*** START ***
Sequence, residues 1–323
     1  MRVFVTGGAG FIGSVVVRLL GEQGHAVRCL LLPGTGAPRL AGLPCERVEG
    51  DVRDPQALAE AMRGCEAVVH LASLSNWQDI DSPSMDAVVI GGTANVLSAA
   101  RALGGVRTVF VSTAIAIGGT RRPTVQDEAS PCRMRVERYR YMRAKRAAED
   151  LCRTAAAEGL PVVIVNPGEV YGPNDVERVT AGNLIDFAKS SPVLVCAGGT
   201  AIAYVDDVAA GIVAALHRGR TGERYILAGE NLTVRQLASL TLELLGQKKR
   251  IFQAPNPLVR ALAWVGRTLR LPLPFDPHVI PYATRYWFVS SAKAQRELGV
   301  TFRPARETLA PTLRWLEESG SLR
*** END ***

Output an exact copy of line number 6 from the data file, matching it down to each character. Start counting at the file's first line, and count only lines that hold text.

   201  AIAYVDDVAA GIVAALHRGR TGERYILAGE NLTVRQLASL TLELLGQKKR